The Sunday Age of 30 January 2011 ran an article about the status of workplace safety in some of Victoria’s abattoirs. The article has some similarities to the landmark investigations by Eric Schlosser into work practices and compensation issues related to meatworks in the United States.
The Sunday Age says that
“(Last financial year [2009/2010], there were 355 workers’ compensation claims in Victoria’s meat industry that required at least 10 days off work, or cost more than $580 in treatment, or both – almost one a day. Nationally the industry’s injury and illness rate remains twice as high as that in the construction industry, and four times the average of all workplaces.”
Many would say that meat work is “inherently dangerous” but in the article lawyer Trevor Monti, contests the perception
”Yes, it’s a difficult industry and the work can be hard,” he says. ”But with proper consideration given to the system of work, the risk of injury can be significantly reduced.”
This is a position with which OHS professionals and regulators would agree.
It is significant that, if the comparative figures quoted above by the Sunday Age are accurate, abattoirs do not receive the enforcement attention that the construction industry receives. Is it that the construction industry is largely unionised and the meat industry much less so? Is it that abattoirs are rorting the immigration visa system as asserted by the Australian Meat Industry?
Immigrant work is a slow-burning issue in Australia as it relates to non-urban industries predominantly and the countries geographical isolation has allowed governments to give migrant work a lower priority. But Australia is suffering a major shortage in labour resources and skilled workers and in the not-too-distant future, the government will face the politically difficult call of encouraging overseas labour to meet the demands of the construction and mining industries to mention just two. This will also present a challenge for those narrow-minded OHS professionals who focus on safety and exclude external political, economic and social factors.
Australian OHS regulators should pay particular attention to the 2004 report undertaken by Human Rights Watch entitled “Blood Sweat and Fear – Workers’ Rights in U.S. Meat and Poultry Plants“. The investigation found:
- “Many workers suffer severe, life-threatening and sometimes life-ending injuries that are predictable and preventable.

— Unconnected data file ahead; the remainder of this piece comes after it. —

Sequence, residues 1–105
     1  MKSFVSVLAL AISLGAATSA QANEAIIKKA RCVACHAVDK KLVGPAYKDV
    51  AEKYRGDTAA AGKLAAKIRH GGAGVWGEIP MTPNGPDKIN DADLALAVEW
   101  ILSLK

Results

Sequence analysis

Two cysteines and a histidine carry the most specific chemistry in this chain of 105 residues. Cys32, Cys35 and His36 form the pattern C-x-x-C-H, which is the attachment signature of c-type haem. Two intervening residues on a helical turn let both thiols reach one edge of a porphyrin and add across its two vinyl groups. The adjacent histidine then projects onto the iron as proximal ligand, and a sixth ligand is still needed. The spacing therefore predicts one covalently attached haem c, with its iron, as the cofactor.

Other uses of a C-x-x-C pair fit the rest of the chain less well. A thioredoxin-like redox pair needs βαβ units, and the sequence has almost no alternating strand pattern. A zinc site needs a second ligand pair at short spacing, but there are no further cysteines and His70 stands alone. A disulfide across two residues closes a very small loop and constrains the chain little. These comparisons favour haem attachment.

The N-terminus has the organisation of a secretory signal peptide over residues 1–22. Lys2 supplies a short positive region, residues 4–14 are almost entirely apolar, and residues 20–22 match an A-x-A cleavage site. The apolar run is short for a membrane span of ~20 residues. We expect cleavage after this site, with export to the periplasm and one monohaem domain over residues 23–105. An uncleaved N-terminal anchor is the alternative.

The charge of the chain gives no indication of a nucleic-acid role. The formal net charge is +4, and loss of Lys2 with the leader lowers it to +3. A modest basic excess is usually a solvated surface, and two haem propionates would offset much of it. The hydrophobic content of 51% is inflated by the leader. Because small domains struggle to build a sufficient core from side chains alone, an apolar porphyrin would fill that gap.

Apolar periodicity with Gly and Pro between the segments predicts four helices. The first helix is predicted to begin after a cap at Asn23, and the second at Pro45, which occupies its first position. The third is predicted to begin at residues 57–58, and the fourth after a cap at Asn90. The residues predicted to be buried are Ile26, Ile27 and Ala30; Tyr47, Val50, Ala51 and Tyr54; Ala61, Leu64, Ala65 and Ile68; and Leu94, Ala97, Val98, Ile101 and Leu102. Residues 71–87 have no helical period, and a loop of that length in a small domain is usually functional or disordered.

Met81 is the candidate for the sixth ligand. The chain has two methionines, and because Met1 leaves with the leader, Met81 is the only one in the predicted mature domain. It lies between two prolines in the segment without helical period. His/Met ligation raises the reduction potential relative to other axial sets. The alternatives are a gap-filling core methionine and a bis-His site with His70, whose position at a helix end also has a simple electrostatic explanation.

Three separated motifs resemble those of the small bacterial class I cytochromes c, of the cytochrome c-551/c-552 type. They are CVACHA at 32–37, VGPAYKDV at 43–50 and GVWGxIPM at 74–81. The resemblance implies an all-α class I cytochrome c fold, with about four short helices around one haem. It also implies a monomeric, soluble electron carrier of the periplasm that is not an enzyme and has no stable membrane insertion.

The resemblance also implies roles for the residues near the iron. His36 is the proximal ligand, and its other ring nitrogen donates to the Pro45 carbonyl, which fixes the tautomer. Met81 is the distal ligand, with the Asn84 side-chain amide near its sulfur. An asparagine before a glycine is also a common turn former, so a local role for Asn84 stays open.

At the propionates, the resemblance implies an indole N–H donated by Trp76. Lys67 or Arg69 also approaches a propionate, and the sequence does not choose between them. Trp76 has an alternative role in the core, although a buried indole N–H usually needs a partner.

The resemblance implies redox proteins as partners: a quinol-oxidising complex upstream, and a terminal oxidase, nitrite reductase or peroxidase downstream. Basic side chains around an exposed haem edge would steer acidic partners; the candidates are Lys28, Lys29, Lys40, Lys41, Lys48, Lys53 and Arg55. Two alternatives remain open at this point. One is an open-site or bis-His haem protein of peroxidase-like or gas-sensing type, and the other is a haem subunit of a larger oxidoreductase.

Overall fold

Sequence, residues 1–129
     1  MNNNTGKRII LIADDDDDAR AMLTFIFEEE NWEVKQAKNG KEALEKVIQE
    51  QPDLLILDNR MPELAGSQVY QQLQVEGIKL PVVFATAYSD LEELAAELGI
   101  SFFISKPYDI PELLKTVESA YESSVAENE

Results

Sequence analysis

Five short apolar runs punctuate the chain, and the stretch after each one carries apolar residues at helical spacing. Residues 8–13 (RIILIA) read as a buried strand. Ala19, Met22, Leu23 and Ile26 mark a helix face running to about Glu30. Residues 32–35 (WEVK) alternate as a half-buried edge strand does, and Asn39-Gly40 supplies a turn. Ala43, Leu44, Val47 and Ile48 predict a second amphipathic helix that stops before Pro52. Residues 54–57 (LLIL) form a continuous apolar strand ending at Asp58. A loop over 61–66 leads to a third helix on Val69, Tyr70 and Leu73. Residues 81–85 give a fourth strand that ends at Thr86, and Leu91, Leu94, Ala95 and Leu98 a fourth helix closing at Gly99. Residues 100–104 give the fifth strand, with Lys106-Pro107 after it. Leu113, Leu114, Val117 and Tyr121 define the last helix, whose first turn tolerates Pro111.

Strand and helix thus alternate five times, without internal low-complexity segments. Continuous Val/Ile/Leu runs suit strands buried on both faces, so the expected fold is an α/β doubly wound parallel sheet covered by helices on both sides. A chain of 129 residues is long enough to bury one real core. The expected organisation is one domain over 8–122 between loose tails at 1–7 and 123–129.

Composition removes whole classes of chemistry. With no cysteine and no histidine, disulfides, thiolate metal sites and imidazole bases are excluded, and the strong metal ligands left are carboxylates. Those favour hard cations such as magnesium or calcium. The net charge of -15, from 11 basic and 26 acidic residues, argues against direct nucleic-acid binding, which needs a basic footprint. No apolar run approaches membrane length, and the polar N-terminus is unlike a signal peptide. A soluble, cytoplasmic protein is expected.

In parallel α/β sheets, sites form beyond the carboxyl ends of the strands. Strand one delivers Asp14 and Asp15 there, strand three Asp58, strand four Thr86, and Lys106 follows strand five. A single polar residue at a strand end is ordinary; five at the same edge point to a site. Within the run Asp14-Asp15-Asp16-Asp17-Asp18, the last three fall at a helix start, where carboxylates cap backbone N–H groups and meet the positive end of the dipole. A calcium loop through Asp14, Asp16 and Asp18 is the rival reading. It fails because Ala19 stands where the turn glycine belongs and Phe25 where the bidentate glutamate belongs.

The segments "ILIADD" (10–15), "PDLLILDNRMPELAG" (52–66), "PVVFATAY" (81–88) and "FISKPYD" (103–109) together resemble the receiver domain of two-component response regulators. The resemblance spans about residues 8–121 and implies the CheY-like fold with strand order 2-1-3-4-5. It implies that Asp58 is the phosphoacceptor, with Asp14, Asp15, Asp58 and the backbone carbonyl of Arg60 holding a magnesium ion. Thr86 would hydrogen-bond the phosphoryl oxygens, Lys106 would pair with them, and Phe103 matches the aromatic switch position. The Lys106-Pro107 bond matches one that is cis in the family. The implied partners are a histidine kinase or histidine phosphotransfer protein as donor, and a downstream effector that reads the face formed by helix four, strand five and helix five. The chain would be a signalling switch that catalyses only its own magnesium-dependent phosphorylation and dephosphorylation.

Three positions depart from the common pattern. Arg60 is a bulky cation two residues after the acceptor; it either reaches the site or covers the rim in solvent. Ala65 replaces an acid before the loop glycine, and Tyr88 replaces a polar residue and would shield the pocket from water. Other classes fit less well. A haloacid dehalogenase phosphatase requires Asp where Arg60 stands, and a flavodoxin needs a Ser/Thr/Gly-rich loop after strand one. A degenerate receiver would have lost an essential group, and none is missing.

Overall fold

- Many workers cannot get the compensation for workplace injuries to which they are entitled.
- Government laws, regulations, policies and enforcement fail to sufficiently protect meat and poultry workers’ health and safety at work and their right to compensation when they are hurt.”
Considerable attention is given to the human rights of refugees to Australia, and rightly so, but what of the lives of those refugees who are successful in starting new lives in Australia. What of their working conditions? What of their occupational safety and health? Any refugee or migrant labour policies must consider the long-term welfare of new Australian visitors and citizens. Hopefully organisations such as the recently established Human Rights Working Group for Business will embrace this need.
Another significant OHS issue is raised by The Sunday Age article. The article says:
“One case it [WorkSafe Victoria] did not prosecute is that of 17-year-old trainee meatworker Sharga Taite, whose 2008 death may be the subject of a coronial inquest this year.
The teenager worked for six months at Warrnambool’s Midfield Meat abattoir. The day he died, Sharga was working as a slicer in the boning room – a non-stop process of converting freshly killed beasts into neatly packed boxes of meat cuts.”
Taite’s family has alleged in court the following concerns about Midfields Meat abattoir:
“…substandard training, understaffing, lax safety procedures and bullying.”
Counsel for WorkSafe Victoria
“… said their investigation found the training and supervision at the abattoir to be ”reasonably practicable”, and that the teenager’s training had been adequate.”
A major problem with the determination of “reasonably practicable” in this case is that no one has been prosecuted over a death at work. The details in the article indicate that the death was caused by a medical problem of Taite’s and not by any deficiency of the company in managing safety but regardless, the family feels no justice. The implication in this article is that “reasonably practicable” is seen as a cop-out for choosing not to prosecute.
If “reasonably practicable” is to be such a prominent part of Australian workplace safety law then its integrity must be sound. It cannot be perceived as an excuse for “getting a company off” its OHS responsibilities. Any introduction or application of “reasonably practicable” must be supported by alternate mechanisms for families to achieve justice, however that is determined.
Sharga Taite’s death may also be an example of the opportunities granted to others by New South Wales law and to all in the draft National Work Healthy & Safety law, to instigate prosecutions or to call for prosecutions when OHS regulators have chosen not to. It would be disappointing if the Taite family did not seriously consider this option, should it be feasible.
As WorkSafe asserts in the article, safety in Victorian meatworks has improved dramatically. The workers’ compensation figures quoted are also not surprising. Several years ago, I provided support to a major workers’ compensation insurance company, along with a seconded WorkSafe Victoria inspector, to develop an online safety assessment and information product for several of its clients who had high insurance premiums. These industry sectors were aged care, cleaning and meat processing plants. As far as I am aware the project was not completed but there was considerable work undertaken and the project is likely to be languishing on an insurer’s shelf waiting to be refreshed.